Monday, December 07, 2009

Jag vill om du vågar

With today's announcement of the final two semifinals for 2010's Melodifestival, we know all but one of the acts competing. Today's artists consolidate the trend towards newcomers, but there are a few big names as well as some middle-of-the-field names seeking to truly establish themselves. As usual, see my earlier article as well as the following sources: SVT, QX, Gylleneskor, Aftonbladet, Expressen. Photos are from the aforementioned SVT and Expressen. I used live ones from the press conference where available (Alcazar and Crucified Barbara didn't attend), so you can see what the acts look like now.

Semifinal 3: Göteborg (Feb. 20)

Doctor Doctor - Elin Lanto
Composers: Mirja Breitholtz, Tony Nilsson
Elin has appeared in Melodifestivalen before, back in 2007 with "Money," but this is her first post-dance-pop reinvention appearance. Tony has written all of her songs since then except the first one, "Speak 'n Spell," including "Discotheque" and "Love Made Me Stupid." Tony and girlfriend Mirja describe the song as being about a heart problem, so I think we can guess which particular pop trope the lyrics will be playing on. Over at Scandipop, Elin mentioned that her style now is more like that of "Love Made Me Stupid," with more guitars and a more pop-rock sound, though she follows up by saying that "Doctor Doctor" is a pop song and more direct and immediate (and less dark) than "Love Made Me Stupid." Earlier rumors said it was modern and uptempo.

Headlines - Alcazar
Composers: Peter Boström, Tony Nilsson
Amazing pop group Alcazar, fresh off of their success with "Stay The Night" in last year's contest, return to Melodifestivalen for the fourth time with a song from the team I love so much (behind Ola's best pop songs, amongst others). That said, I'm quite nervous; it's not a song that was definitely going to go to them or meant for them, and for some reason that makes me a little apprehensive about quality (though that's not so much that other acts rejected it--September said no without even hearing the song, for example). Still, when Tony and Peter get together (and even when they're apart), they can work magic. They describe the song as a outrageous, energetic uptempo song which is about scandal.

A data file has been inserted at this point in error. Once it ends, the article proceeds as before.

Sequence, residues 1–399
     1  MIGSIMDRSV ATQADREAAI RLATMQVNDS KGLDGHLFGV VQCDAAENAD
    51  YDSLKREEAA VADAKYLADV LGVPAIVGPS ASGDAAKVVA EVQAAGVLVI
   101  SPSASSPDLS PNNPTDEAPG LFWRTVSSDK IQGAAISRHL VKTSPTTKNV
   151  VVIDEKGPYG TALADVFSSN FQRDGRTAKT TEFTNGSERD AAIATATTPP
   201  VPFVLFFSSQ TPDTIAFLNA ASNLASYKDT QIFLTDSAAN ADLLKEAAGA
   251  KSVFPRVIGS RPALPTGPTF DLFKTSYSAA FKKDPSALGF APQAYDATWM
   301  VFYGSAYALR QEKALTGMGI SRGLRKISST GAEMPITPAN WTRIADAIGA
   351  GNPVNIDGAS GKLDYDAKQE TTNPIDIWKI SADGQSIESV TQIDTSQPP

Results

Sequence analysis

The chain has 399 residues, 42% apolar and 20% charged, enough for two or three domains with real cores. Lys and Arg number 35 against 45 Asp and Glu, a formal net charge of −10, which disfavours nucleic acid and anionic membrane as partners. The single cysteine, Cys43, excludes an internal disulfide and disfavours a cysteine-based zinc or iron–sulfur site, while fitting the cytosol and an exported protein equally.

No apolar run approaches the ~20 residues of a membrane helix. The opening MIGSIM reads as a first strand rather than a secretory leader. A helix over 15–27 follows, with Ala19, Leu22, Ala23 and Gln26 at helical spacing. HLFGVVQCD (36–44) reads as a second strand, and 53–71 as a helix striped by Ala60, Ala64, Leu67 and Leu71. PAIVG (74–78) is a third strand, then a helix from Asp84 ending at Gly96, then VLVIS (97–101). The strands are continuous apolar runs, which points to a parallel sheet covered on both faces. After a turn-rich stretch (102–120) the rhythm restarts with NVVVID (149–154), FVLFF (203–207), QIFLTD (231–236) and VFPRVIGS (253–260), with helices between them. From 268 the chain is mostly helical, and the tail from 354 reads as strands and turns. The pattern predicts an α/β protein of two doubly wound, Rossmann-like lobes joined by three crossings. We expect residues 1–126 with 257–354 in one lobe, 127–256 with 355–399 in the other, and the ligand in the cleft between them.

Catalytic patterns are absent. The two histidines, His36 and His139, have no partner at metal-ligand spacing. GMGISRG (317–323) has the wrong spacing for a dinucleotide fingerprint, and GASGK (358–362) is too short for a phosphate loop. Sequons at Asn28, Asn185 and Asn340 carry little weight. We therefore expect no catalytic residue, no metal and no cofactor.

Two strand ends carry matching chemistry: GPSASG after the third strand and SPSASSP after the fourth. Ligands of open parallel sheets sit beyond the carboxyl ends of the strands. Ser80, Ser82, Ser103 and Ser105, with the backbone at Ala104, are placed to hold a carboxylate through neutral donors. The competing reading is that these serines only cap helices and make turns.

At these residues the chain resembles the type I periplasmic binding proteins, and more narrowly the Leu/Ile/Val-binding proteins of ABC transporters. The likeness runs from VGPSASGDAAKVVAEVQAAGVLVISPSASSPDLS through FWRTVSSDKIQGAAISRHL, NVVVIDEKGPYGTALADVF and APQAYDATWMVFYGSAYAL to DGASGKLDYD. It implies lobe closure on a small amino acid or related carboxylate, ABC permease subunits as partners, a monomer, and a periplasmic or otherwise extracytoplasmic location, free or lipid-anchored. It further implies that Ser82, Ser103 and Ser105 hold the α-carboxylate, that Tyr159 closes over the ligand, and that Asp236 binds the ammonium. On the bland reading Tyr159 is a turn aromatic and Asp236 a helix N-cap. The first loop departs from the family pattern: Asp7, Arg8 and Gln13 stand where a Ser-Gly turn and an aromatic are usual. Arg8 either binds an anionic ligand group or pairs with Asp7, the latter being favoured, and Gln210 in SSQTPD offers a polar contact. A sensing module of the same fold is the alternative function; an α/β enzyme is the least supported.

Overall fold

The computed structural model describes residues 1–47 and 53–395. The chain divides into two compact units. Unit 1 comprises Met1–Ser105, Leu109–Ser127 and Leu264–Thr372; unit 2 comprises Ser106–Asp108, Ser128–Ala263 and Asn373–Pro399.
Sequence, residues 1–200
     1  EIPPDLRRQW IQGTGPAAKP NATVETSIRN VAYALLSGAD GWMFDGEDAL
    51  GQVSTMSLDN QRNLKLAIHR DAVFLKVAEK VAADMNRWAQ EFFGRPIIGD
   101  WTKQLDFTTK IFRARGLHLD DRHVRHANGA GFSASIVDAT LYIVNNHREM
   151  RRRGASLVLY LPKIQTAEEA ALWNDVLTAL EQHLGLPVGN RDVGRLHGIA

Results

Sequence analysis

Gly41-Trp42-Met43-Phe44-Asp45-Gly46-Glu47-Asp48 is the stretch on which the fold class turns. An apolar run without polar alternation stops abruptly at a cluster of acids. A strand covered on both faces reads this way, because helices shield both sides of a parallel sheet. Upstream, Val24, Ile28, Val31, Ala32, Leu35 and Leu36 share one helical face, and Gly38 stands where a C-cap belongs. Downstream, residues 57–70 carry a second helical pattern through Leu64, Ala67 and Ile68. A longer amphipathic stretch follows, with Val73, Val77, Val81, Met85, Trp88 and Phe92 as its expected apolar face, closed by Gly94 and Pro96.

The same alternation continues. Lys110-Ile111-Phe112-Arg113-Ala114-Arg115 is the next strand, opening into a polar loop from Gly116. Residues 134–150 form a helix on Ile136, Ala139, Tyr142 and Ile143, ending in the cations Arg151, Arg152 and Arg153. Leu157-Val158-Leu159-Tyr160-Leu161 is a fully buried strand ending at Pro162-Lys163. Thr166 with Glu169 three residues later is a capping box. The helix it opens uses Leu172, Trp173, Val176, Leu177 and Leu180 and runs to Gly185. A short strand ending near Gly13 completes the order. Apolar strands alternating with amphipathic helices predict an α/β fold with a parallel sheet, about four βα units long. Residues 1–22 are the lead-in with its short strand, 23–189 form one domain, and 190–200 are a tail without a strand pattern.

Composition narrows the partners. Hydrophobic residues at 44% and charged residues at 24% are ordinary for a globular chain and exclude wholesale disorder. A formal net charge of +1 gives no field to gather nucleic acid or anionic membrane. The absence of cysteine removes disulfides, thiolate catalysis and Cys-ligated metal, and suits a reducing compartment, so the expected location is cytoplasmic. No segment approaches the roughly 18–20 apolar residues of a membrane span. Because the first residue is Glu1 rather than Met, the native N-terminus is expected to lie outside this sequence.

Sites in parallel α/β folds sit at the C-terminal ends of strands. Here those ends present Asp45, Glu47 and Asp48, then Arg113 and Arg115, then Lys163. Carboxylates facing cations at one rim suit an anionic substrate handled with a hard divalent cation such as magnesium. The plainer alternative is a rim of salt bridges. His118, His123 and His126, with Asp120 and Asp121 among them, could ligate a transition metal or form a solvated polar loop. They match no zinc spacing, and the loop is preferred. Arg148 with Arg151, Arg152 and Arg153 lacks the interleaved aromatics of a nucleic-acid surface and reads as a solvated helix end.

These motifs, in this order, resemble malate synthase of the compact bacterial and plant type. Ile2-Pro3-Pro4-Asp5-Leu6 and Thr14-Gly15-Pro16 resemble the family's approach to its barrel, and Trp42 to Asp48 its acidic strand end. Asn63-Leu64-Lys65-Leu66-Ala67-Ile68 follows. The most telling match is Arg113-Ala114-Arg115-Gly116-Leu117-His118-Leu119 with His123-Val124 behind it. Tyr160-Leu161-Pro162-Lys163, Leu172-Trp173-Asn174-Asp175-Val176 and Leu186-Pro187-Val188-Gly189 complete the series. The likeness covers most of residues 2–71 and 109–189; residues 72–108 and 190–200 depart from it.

Heaven Or Hell - Crucified Barbara
Composers: Håkan Larsson, Björn Lönnroos, Jörgen Svensson
I'd never heard of this all-girl rock group before, but previewing their only album so far shows them to have a hard rock sound. As I mentioned earlier, the only songs I definitely know the songwriters have been involved with in the past were for Shebang, but sadly it doesn't sound like we'll be getting anything similar to that group's bouncy pop-rock: the songwriters say "Heaven Or Hell" is a hard rock ballad about escaping from unhappy love with a strong hit-friendly hook.

Hur kan jag tro på kärlek - Erik Linder
Composers: Kenneth Gärdestad (text), Niclas Lundin, Tony Malm (musik)
Former televised singing contest (the Swedish version of ...'s Got Talent) entrant Erik is one album into his career, and it sounds like the slow tempo of that album is in keeping with his Melodifestival song: a Swedish pop song with sadness and hope in the '70s pop style which can't fail to leave one moved, according to its writers. Earlier reports said it was in the style of Ted Gärdestad's '70s hits and if that's true, the song and the singer seem like a good match.

Kom (Run) - Timoteij
Composers: Niclas Arn, Gustav Eurén, Karl Eurén